If you have cash sitting in a money market mutual fund right now, chances are the yield is quite pitiful. Have you checked recently? The average yield on a money market fund is only 0.09%! Even the usually competitive Vanguard Prime money market fund (VMMXX) is only paying a 0.23% yield, and the highest paying retail Fidelity fund is eeking out a 0.44% yield. (Numbers as of 8/3/09.) There’s little if any benefit to switching to a Treasury or Municipal money market fund, either.
Such low yields may tempt you to start looking at corporate bonds or funds with longer maturities. However, by chasing any of these you start risking your principal. Definitely avoid anything with “high-yield” in the name for your cash needs. Why not explore the world of FDIC and NCUA-insured deposits? The new $250,000 insurance limits per titled accounts are now extended through 2013.
High-Yield Reward Checking Accounts
These are checking accounts, usually through local credit unions, that pay a very high interest rate if you jump through some hoops each month. However, if you make a mistake you’ll forfeit virtually all your interest for that month, so it can be tricky. In addition, these accounts also only pay the higher interest on a limited balance, usually $10,000 or $25,000. But for the very diligent, their rates are still averaging around 4-5% APY on balances up to $25,000. Here’s one recent example at 4.01% APY that requires 10 check card purchases each month, a direct deposit/auto-withdrawal, and online statements.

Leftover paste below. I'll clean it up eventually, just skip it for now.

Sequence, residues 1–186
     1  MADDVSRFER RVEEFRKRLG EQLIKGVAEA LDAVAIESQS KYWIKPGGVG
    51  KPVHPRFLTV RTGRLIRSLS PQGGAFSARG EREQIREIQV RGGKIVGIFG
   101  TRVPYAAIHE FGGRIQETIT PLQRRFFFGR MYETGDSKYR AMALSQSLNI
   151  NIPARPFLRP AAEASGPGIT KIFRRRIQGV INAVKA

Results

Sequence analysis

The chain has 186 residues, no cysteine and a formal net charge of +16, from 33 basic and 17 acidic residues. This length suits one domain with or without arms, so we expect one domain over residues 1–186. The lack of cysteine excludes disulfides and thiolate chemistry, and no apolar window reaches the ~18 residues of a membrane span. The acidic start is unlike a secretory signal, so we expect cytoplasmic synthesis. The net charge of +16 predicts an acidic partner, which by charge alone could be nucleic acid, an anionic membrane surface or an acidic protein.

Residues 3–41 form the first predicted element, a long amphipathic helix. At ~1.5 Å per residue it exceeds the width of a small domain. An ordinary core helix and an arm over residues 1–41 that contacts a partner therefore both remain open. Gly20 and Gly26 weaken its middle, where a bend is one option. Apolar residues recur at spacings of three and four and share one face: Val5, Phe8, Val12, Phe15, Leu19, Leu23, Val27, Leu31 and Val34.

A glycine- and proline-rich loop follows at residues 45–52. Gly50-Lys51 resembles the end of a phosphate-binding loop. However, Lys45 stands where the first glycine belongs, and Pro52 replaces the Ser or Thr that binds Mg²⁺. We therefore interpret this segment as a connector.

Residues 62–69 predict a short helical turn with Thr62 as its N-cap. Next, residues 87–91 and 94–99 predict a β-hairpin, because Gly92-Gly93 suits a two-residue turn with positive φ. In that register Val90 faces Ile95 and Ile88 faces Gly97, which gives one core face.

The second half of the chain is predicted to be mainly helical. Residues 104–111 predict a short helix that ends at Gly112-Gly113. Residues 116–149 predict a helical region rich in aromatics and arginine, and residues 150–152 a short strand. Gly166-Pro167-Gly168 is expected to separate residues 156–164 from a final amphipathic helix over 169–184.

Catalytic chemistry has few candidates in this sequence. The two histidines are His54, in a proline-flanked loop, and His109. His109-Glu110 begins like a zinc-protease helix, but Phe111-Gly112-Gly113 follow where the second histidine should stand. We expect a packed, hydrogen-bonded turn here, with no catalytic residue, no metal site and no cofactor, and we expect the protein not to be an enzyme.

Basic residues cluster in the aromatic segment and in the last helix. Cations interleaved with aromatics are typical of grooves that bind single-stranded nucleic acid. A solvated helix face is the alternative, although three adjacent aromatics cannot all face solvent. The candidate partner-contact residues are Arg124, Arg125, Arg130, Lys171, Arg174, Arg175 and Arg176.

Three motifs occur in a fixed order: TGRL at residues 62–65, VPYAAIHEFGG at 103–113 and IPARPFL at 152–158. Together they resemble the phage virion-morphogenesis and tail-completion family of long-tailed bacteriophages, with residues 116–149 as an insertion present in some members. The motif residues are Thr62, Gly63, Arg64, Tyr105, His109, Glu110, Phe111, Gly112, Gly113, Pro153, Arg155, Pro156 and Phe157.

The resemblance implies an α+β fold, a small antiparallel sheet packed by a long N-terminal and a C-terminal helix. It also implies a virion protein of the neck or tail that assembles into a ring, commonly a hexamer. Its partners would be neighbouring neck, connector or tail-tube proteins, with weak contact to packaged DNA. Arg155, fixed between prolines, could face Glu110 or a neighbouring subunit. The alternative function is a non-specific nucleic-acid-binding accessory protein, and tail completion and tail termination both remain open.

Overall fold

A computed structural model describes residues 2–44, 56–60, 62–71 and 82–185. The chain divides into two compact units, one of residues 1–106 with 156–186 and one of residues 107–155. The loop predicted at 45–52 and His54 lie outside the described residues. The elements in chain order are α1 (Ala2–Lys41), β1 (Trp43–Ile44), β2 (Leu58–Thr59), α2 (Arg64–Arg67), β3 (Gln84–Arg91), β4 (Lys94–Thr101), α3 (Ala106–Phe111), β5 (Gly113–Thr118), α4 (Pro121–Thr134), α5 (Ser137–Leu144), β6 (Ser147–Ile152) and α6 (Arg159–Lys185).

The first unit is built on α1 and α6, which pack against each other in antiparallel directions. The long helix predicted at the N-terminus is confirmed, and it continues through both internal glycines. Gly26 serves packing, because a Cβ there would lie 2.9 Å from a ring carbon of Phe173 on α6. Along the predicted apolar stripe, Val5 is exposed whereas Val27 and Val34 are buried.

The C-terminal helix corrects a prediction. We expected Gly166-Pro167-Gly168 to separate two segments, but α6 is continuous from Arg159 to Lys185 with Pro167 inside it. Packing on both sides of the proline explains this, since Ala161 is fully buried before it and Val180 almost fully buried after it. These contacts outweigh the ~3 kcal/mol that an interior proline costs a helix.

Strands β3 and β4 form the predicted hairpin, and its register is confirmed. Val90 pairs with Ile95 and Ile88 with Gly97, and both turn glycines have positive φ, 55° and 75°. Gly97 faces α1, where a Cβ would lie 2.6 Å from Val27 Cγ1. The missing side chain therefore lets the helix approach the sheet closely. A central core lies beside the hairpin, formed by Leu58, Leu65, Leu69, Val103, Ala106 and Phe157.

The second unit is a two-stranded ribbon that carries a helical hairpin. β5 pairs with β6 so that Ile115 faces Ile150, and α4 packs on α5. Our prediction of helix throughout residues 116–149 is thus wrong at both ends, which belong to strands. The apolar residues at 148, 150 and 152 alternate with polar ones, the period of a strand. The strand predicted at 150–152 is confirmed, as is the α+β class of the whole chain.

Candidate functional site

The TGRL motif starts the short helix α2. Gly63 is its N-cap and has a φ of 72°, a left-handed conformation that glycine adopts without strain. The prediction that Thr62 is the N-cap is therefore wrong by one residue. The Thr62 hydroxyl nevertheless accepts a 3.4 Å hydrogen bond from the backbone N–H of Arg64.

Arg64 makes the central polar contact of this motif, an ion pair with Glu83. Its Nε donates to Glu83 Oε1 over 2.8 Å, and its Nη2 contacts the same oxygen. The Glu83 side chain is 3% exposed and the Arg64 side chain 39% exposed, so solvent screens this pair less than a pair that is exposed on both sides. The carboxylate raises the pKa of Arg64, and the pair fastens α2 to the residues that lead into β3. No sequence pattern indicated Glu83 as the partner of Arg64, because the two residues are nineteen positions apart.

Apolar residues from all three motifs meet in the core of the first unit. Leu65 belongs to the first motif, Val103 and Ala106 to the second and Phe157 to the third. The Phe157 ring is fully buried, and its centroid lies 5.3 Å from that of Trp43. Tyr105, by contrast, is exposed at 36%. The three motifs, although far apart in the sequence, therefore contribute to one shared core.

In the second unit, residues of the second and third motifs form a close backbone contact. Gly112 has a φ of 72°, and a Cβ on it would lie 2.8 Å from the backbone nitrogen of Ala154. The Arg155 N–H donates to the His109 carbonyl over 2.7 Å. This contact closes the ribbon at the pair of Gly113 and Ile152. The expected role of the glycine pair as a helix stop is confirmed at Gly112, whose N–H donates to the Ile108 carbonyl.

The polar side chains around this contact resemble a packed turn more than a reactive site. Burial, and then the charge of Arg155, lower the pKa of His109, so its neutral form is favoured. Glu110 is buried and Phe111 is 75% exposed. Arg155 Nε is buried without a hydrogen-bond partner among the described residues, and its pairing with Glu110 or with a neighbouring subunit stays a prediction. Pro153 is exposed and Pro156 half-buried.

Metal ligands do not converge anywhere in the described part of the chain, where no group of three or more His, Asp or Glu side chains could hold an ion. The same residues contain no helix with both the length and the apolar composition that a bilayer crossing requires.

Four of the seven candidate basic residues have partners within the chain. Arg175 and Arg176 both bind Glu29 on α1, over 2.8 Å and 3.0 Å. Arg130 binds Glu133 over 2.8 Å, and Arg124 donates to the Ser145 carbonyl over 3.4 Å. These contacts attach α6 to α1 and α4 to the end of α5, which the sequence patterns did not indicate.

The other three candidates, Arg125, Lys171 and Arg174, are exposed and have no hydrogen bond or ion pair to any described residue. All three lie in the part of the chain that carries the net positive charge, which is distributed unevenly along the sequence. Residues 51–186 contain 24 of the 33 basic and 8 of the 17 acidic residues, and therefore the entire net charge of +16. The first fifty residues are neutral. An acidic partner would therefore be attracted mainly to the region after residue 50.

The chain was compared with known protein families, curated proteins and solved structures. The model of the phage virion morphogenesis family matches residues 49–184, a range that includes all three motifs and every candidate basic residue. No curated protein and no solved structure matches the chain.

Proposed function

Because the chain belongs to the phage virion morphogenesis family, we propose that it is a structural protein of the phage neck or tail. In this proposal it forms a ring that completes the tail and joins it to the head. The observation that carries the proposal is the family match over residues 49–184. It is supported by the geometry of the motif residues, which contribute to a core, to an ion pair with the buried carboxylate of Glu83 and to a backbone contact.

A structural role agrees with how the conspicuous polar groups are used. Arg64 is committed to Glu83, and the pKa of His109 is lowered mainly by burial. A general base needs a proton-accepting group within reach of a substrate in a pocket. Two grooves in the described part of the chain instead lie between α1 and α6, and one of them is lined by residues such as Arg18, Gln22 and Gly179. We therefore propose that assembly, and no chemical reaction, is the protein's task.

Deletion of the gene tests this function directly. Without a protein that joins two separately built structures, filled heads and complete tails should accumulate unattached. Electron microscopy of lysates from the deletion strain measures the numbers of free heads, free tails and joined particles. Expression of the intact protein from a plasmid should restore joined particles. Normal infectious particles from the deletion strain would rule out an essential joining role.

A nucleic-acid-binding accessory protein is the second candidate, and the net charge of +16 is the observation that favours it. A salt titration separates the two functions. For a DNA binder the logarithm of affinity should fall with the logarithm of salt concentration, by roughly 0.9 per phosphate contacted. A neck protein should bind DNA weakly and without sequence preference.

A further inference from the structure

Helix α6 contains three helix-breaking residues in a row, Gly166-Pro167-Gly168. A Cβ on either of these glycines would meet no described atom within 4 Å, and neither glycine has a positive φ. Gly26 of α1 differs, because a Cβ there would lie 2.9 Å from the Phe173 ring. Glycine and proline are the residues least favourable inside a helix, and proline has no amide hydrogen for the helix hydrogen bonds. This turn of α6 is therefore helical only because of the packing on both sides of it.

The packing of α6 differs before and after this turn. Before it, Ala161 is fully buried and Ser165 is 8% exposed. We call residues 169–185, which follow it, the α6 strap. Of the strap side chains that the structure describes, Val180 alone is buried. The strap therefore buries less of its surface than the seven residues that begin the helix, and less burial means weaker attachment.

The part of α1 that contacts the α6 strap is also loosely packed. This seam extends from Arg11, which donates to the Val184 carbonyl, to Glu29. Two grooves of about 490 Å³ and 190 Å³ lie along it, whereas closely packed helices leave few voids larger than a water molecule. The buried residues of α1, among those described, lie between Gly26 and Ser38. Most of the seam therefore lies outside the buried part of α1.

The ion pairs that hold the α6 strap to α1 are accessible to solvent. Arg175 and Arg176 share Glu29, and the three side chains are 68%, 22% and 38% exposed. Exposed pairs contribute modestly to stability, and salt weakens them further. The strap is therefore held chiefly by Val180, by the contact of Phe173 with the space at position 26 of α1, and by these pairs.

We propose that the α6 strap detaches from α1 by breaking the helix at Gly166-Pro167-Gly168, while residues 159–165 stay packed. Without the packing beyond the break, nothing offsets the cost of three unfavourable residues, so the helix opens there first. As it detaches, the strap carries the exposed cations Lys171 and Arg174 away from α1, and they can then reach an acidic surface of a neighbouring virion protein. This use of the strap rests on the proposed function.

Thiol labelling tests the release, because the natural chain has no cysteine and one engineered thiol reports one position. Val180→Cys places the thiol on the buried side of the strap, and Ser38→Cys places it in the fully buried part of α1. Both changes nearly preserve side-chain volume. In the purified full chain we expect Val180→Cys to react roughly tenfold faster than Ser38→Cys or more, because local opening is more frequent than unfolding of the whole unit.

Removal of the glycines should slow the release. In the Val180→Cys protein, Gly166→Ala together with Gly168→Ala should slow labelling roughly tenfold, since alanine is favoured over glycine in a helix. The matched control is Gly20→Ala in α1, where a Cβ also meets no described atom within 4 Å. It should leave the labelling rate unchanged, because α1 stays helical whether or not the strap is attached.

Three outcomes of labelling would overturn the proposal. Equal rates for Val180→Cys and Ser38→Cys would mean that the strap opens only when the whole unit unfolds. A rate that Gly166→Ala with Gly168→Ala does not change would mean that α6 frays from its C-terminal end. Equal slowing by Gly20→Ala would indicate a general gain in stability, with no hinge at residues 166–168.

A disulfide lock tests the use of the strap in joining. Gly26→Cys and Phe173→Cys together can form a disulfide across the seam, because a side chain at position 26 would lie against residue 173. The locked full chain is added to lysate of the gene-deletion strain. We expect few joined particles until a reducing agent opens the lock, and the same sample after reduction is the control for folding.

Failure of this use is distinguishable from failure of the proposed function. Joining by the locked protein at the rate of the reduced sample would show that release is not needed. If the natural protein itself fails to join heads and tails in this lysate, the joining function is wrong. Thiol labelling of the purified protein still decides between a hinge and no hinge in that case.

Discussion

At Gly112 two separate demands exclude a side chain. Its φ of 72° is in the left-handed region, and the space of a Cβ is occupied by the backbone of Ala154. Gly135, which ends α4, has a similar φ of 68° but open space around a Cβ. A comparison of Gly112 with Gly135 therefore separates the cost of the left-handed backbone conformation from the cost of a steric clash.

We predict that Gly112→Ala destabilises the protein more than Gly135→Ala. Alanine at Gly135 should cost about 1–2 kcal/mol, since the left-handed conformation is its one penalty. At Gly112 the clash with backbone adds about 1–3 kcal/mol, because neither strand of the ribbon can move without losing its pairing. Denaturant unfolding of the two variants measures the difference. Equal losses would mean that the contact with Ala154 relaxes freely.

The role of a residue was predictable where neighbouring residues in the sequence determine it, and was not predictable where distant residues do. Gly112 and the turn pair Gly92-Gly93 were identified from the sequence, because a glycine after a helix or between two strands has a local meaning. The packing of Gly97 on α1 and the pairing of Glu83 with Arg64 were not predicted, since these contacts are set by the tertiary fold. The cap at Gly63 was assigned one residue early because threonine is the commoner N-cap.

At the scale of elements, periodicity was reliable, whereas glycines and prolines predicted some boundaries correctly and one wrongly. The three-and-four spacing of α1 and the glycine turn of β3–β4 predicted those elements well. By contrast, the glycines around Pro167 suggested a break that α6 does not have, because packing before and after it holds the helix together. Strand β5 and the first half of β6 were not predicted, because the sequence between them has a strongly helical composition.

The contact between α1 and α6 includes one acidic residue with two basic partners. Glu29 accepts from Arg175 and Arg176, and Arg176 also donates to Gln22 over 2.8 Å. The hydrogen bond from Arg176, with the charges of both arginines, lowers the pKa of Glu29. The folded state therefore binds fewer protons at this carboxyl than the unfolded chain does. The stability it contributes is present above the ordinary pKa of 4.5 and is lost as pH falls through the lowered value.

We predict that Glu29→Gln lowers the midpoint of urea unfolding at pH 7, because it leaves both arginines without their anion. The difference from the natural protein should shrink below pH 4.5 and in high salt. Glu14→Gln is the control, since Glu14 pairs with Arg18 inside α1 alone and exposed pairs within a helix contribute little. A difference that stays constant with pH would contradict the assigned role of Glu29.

For more, see my review of rewards checking accounts and also a list of participating banks by state here. I’d stick with small local banks with limited membership eligibility if possible, the rates tend to be more stable.
Online Savings Accounts
With most online brokers these days, you can easily link your accounts to online banks and make direct funds transfers. Online savings accounts like FNBO Direct or Ally Savings offer $250,000 of FDIC-insurance and easy liquidity. You’ll likely get a yield that is at least 100 basis points (1%) higher than any money market fund. However, you are limited to a maximum of 6 withdrawals per month.
Bank CDs & Short-Term Promotions
If you have a large amount of money to invest, and you don’t need immediate access to the funds, you can still get around 3% APY for short periods of time. For example, Everbank is offering 3.01% APY for the first 3 months for new accounts. WT Direct has a promotion that can earn you 3.2% APY for a 2.5 month commitment. To me, a short-term promotion is the same thing as a bank certificate of deposit, since many banks offer nice rates and then drop them when up for renewal.
When you’re done with the term, perhaps money market mutual fund rates will be tolerable again!